If you haven’t seen Patti Austin lately, you’re in for a big surprise.
“I just lost 140 pounds,” she told me recently. “I had gastric bypass surgery a year and a half ago, and my life was saved by it.
“I went to a doctor for a complete physical because I had a torn meniscus in my knee. He said, ‘You’ve got to lose this weight—you’ve got diabetes type II, you have asthma and you’re menopausal. You’ve got to get rid of this weight and you’ve got to get rid of it fast. This is the best way for you to do it.’”
Austin, who performs with the Count Basie Orchestra Friday night at the Ella Fitzgerald Music Festival, was in Cologne, Germany, when we spoke, recording her next album with the WDR Big Band, a tribute to George Gershwin. She’s been in the music biz a long time.
“I started when I was four,” she said, “professionally when I was five. I was doing a TV series on local TV in New York called Star Time, a show that was where Connie Francis and Bernadette Peters got their start. We all did that show together, and we were up against another show that ran on Sunday mornings, a children’s variety show called The Children’s Hour that starred Leslie Uggams. We all started at the same time in New York City on live television.
“I went from doing Star Time to doing a nationally broadcast show called Ray Bolger’s Washington Square, and I did that for about two years. That was a Saturday evening show; we’re talking ’55 and ’56.
“It’s funny—I just recently got to see Good Night and Good Luck. It really blew me away because I was doing TV in New York when that stuff was going on, and the film so brilliantly depicts that period. If you weren’t there, trust me when I tell you that it is exactly the way New York City and the whole studio scene was laid out at that time. The rhythm, the look—it’s so much like the world that I was living in at that time. My childhood was passing before my eyes as I watched that film.”
She laughed when I pointed out that she had been a part of the “golden age of television.” Ironically, her schoolmates were unaware of her television stardom.
“My dad was a jazz musician,” she said. “My mother had tried her hand in the business and absolutely loathed it. But because my parents had both been in the business, they were very savvy and protective of my civilian status, and that I have a regular childhood. I was only allowed to work on weekends, and the rest of the time I went to public schools.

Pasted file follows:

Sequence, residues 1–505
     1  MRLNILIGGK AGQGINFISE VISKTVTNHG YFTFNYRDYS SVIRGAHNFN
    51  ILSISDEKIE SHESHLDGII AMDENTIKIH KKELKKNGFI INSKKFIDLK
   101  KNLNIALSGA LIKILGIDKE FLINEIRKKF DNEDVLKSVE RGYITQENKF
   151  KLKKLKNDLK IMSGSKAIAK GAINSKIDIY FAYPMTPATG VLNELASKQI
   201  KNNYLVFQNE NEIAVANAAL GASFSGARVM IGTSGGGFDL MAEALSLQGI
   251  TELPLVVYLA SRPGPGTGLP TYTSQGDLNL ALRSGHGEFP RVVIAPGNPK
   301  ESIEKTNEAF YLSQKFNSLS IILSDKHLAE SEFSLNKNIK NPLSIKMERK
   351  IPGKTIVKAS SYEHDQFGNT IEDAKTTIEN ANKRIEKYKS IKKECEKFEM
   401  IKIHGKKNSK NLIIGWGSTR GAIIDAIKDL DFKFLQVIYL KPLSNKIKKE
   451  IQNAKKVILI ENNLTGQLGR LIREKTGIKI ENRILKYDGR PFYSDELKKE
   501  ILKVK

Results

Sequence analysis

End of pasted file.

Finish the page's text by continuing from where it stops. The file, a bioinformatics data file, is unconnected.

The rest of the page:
“I was living in Bay Shore, Long Island, and people weren’t that sophisticated about what was on TV in those days. And I never talked about it; I was like The Scarlet Pimpernel, I had two totally distinct lifestyles. My friends never knew that I was in the business until I was about fourteen and I had my first hit record.”
She spent the 1970s doing studio work, singing backup vocals on albums by Paul Simon, Billy Joel, Roberta Flack, Steely Dan, Michael Jackson and a zillion others. In 1983, she scored on the pop charts with “Baby Come to Me,” a duet with James Ingram recorded under the tutelage of her godfather, Quincy Jones. But her heart had always been in jazz, and her 1988 disc, The Real Me, found her foraging through the Great American Songbook.
“At the time that I started,” she recalled, “big band music was in its final death throes, but it still existed to some degree. Jimmy and Tommy Dorsey had their show on TV; there was still Rosey Clooney and Patti Page; Nat King Cole was still making records and hits. So I got to grow up under the tutelage of all those amazing innovators, and that was the music of the day. I really grew up singing what is now called jazz, but in those days was still part of the pop scene.
“My silent mentor, Rosemary Clooney—who I got to know very well in the early ‘80s—one year she grabbed me by the collar and pushed me up against the wall and said, ‘You must continue to sing this music. This is your baby.’ And it kind of became a mantra for me.”
Her last album, For Ella, was a magnificent romp through the fertile fields of pre-rock popular music. She’s given a lot of thought to the value of those songs:
“You have to look at the time in history when this music was created. It was a powerful time in the history of the country—you’re talking about songs that were written from the Depression through the Second World War. These were very profound periods in our history and in creating our culture and our social structure. The art is reflective of the time.
“I think the music that’s happening now is reflective of what’s going on now with the youth culture. It’s very rhythm based, it has very little meaning lyrically, no melody…what does that say? You’re talking about a very disposable generation, and now they’re starting to feel physically disposable because of what’s going on in Iraq.
“Look at the body of music that our generation has been touched by. We come in on the tail end of the Great American Songbook, so that’s still in the ether. Then we have The Beatles, Elvis, the Rolling Stones; and we have Motown and the Philadelphia sound—we have Otis Redding, James Brown, Jimi Hendrix, the Mamas and the Papas, Yes. And at the same time you turn on the radio and hear Louis Armstrong singing ‘It’s a Wonderful World,’ or Sinatra, or Peggy Lee singing ‘Is That All There Is?’ All of that stuff going on at the same time!
“And now,” she laughed, “we’ve got Beyonce!”
As she enters her late 50s, Patti Austin is feeling like a svelte new woman, healthier than ever, exuberant about this time in her life.
“My first lightbulb moment came when I was running through an airport,” she said excitedly, “and I realized I was running. I realized that if this was last year, I wouldn’t have been able to do this. It has been life saving, life affirming, life changing, totally renewing, the best thing I’ve ever done in my life.”
copyright © 2006 Port Folio Weekly. Used by Permission.